Classic Mentaiko Pasta 明太子パスタ
What is Mentaiko?
Mentaiko (明太子) or Karashi Mentaiko (辛子明太子) is spicy pollock/cod roe. It’s often enjoyed as a side dish to accompany steamed rice (just like pickled vegetables), as a topping for Ochazuke and ramen, or used as a filling inside of Onigiri (rice balls). It has a distinct salty taste and texture which adds a lot of flavor to plain food. During my current visit to Japan, I had mentaiko with kombu from Hirosho (博多明太子ひろしょう) and it was delicious with rice.
There are many different variations of flavors and colors for mentaiko. They range from just plain salted to yuzu, kombu, and spicy chili flavors. Mentaiko is a specialty that originated from Hakata (ward of Fukuoka City) and it is very popular throughout Japan.
Quick & Easy Mentaiko Pasta
It might seem like an odd pairing, but the salty and spicy mentaiko goes really well in a buttery creamy sauce. The roe of pollack/cod is much smaller, refined, and softer than tobiko (flying fish roe), which are often used for sushi. If you close your eyes while eating, you probably won’t notice you’re eating tiny pollack/cod roe from the texture. However its flavor definitely packs a punch.
The reason why this recipe is quick and easy to prepare is that you don’t need to cook mentaiko and the cream sauce. Simply prepare the cream sauce while boiling pasta, and toss and coat the mentaiko mixture with cooked pasta and you’re done! The hot cooked pasta will heat up the mentaiko cream sauce.
This sauce is not very “saucy”, but if you prefer you can double the amount of the sauce and pollack/cod roe. Don’t increase just creamy sauce (milk + heavy cream) because the balance between spicy/salty roe and creamy sauce will be off.
Top the pasta with strips of nori seaweed and julienned shiso leaves (perilla) to give it nice distinct aroma and flavor, just like how julienned basil provides the final touch for some Italian pasta dishes.
Substitute Ingredients for Mentaiko Pasta
Mentaiko: I know mentaiko is not easy to find unless your nearest Japanese grocery stores carry it. Unfortunately, the only substitute that would work is tarako (たらこ), the cod/pollack roe that’s not prepared with chili (so your children can enjoy too). Again, this is something you should be able to find in most Japanese grocery stores, but not common ingredients to find elsewhere.
I apologize that there is no good substitute, but I still wanted share this recipe and introduce a popular and easy Japanese-style pasta (wafu pasta) with you today.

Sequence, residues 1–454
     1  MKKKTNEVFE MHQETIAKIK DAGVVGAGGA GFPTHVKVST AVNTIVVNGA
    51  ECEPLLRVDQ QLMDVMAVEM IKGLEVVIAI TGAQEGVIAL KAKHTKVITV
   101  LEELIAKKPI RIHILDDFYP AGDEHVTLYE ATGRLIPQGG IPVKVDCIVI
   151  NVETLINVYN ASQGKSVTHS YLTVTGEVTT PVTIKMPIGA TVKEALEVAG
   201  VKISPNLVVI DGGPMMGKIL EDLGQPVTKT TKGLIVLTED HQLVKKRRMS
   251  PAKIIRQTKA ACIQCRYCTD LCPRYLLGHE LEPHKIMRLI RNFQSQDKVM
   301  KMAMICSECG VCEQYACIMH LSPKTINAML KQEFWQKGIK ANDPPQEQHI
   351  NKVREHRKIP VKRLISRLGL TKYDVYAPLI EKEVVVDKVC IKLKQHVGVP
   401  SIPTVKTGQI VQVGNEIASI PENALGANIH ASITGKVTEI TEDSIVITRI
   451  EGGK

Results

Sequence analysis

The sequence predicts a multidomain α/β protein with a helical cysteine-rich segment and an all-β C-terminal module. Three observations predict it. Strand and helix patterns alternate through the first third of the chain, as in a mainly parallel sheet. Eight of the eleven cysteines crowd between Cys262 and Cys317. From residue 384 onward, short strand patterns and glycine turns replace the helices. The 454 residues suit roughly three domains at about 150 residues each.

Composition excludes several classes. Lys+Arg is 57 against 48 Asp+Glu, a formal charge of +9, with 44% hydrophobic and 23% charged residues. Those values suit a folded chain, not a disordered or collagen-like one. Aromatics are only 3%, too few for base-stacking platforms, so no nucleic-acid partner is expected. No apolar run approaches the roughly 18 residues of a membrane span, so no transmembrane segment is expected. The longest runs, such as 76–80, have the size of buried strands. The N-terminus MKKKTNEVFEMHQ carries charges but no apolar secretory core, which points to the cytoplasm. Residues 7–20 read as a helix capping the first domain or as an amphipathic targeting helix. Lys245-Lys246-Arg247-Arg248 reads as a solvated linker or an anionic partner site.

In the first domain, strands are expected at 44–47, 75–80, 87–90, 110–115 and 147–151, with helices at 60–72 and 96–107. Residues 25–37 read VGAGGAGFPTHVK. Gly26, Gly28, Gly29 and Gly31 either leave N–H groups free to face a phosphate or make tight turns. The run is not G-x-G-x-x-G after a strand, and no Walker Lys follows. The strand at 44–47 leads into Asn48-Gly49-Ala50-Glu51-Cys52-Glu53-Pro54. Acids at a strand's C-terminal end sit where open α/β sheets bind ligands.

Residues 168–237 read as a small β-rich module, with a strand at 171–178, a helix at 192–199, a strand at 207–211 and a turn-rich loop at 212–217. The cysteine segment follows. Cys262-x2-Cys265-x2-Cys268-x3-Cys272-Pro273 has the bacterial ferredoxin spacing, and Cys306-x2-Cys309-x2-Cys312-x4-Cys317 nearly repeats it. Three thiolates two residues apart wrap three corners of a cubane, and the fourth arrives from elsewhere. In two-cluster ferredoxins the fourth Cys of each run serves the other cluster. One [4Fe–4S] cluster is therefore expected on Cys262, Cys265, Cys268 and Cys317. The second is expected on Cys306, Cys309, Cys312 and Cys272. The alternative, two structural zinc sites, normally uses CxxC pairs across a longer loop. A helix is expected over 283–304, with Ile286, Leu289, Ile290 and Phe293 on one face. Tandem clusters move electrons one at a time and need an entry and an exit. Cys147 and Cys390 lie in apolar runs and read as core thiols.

Milk & Heavy Whipping Cream: In the U.S., we have “half and half” (one part milk one part heavy cream) and I sometimes keep them in my fridge for our coffee. You can use half and half instead of mixing milk and heavy whipping cream. If you want to keep the pasta healthier/lighter, skip heavy cream and use whole milk (or reduce fat milk) only. If you like more creamy pasta, you can use heavy cream only. The result of “creaminess” will vary depending on the ratio of milk and cream.
Butter: If you like to keep it healthier/lighter, you can replace the butter with extra virgin olive oil.
Shiso Leaves (parilla leaves): This Japanese herb goes really well with this pasta. I highly recommend to include if you can find it, but it’s fine to skip if you can’t find it locally. Don’t use basil or other types of herbs for this recipe as they don’t give the same effect.
Instant Mentaiko Pasta Sauce
In your Japanese grocery stores, you might find this popular Mentaiko Pasta “instant” spaghetti sauce. I was addicted to this when I was in college as all you need was to boil pasta and mix it with the sauce.
However, I have to tell you it’s so easy to make homemade mentaiko pasta if you can get mentaiko. So look for mentaiko or spicy cod/pollack roe in the nearest Japanese supermarket and try this recipe!
If you like udon noodles, try this Mentaiko Udon!
Here are other wafu pasta you might like to try from Just One Cookbook. Try this Ume Shiso Pasta (梅しそパスタ)!
I hope you will enjoy making this Mentaiko Pasta recipe! If you try it, don’t forget to share your picture on Instagram, Facebook, or Twitter with #JustOneCookbook. Thank you so much for reading, and till next time!
- 1-2 tsp. kosher salt (for boiling pasta)
- 6-7 oz. (170-200 g) spaghetti
- 2 sacks (2 oz/60g) spicy salted pollack roe or cod roe (karashi mentaiko)
- 2 Tbsp. milk (I use whole milk)
- 2 Tbsp. heavy whipping cream
- 2 Tbsp. unsalted butter, melted
- 1 Tbsp. soy sauce
- Freshly ground black pepper
- Shredded nori seaweed (or sheet of nori, cut into thin strips) for topping
- Shiso leaves for topping
Recipe by Namiko Chen of Just One Cookbook. All images and content on this site are copyright protected. Please do not use my images without my permission. If you’d like to share this recipe on your site, please re-write the recipe in your own words and link to this post as the original source. Thank you.